[Liouville's theorem]. How would you prove it for a group of bright
undergraduates? [I asked what I was supposed to assume the undergraduates knew,
and he said real analysis. I said I didn't know any real-analytic proofs of it
offhand and we moved on].
S: When are two matrices similar? [Rational canonical form]. How do you prove
this? [He wanted me to say the fundamental theorem of finitely generated
modules over a PID.]
S: State the fundamental theorem of Galois theory.
S: If we think of the Galois group of a polynomial as contained in S_n (acting
on the set of roots), when is it contained in A_n? [Use the discriminant]. Can
you compute the discriminant of a polynomial from the coefficients? ["Depends
on the polynomial". They prodded me on how I would do it in general but I had
no idea.]
Skinner then asked some questions about what the splitting of a polynomial over
a finite field says about elements of the Galois group of that polynomial over
Q, and also about what it says about prime factorization in the extension
corresponding to that polynomial. I fumbled over these questions pretty badly.
Eventually he said that he would come back to them later, but he never did.
K: Compute the genus of y^3 = x^6-1. [I normalized and used Riemann-Hurwitz.]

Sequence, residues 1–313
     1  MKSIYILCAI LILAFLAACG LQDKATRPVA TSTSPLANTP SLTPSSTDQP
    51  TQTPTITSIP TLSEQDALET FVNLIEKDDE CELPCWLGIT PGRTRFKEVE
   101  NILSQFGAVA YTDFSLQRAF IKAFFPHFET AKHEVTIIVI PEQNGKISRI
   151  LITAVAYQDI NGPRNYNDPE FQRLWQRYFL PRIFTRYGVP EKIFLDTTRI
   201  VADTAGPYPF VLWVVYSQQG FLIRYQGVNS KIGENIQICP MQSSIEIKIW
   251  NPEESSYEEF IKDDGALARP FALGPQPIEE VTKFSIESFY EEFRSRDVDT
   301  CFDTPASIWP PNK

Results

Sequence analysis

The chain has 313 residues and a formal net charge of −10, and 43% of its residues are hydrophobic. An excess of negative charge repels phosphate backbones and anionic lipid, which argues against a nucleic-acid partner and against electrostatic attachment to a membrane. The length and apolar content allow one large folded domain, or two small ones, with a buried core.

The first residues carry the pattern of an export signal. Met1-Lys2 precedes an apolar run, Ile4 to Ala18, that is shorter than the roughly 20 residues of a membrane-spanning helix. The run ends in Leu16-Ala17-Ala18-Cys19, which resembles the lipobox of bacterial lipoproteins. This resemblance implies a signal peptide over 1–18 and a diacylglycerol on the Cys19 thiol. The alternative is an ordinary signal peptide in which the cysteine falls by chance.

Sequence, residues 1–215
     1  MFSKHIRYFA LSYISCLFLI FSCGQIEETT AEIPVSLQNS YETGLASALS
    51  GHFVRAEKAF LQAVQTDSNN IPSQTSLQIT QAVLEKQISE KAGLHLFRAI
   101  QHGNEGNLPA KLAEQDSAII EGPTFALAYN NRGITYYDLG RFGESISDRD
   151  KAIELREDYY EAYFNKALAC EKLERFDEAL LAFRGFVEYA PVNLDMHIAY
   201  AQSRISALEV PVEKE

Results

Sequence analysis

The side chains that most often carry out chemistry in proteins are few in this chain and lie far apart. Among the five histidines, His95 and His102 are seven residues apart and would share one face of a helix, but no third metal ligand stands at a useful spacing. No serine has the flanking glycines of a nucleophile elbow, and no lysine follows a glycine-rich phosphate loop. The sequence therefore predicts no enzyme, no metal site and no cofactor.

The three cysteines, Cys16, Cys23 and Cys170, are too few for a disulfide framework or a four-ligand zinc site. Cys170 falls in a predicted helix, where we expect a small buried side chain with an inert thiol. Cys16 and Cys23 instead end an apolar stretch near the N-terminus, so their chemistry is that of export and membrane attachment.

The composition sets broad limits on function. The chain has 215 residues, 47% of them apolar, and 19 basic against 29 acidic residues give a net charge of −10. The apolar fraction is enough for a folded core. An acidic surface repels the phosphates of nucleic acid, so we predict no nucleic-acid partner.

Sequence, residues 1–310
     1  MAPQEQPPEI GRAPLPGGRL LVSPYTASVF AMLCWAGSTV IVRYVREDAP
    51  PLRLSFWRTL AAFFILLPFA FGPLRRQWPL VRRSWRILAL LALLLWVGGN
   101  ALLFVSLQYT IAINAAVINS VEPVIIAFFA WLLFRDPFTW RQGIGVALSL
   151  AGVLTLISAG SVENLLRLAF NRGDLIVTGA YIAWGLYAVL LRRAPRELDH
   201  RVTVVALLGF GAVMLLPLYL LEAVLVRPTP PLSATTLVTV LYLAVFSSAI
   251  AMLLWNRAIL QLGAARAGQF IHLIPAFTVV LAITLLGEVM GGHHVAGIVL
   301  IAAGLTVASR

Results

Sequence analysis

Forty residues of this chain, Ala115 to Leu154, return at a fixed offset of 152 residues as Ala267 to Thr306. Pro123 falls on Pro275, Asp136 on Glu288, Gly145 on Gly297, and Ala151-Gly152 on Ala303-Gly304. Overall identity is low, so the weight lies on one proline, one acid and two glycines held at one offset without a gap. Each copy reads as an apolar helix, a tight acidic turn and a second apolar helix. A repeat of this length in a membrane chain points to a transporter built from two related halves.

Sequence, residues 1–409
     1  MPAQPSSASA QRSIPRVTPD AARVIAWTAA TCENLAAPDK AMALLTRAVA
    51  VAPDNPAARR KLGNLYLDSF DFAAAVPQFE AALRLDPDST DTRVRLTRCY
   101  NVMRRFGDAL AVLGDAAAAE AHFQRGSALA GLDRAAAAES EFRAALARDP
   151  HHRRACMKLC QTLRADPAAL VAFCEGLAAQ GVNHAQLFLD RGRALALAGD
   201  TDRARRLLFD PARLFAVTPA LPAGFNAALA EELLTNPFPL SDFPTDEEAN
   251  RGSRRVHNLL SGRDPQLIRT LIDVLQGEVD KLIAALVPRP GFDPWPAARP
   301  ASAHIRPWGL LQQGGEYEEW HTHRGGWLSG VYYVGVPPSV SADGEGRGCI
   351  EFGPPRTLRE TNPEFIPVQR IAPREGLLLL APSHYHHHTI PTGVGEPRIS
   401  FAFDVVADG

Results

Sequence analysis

K: If X is a projective scheme over the rationals Q, K a finite extension of
Q, and X' the base change of X to K, can you relate the cohomology of the
structure sheaf of X' to the cohomology of the structure sheaf of X? [No idea.]
What if we just look at H^0? [I still had no idea.] How about for H^0 and if we
let X = Spec Q[x]/(x^2+1) and K a field containing Q[i]? [I worked it out in
that case. They eventually got me to write it in the correct form so that
I could guess that what he originally wanted me to say was that the cohomology
of X' was the cohomology of X tensored up to K. Then Kollar asked what
statement from Hartshorne would prove this. I said "flat base change" but that
I didn't know much about it. Kollar asked what linear algebra fact this
related to, and I figured out he was looking for me to say that if you have
a vector space and extend scalars to a larger field, it doesn't change the
dimension.]
S: How would you explain class field theory to someone who wasn't a
mathematician? ["Uh..."] Okay, maybe to a mathematician who isn't a number
theorist. State any version of the main theorem of class field theory. [I wrote
the local one]. What does the inertia subgroup of the Galois group correspond
to? [It took a bunch of hints for me to get to "units of the ring of
integers".] What is local class field theory good for? [I said "global class
field theory".] State the main theorem of global class field theory. What is it
good for? What does it let you say about L-functions? [I said a bit about
equidistribution results like the Chebotarev density theorem]. Do you know
about Artin L-series? [Not really.]
At this point they agreed that they were done asking questions, sent me
outside for a minute, and then told me that I passed. The exam took about 1
hour and 50 minutes.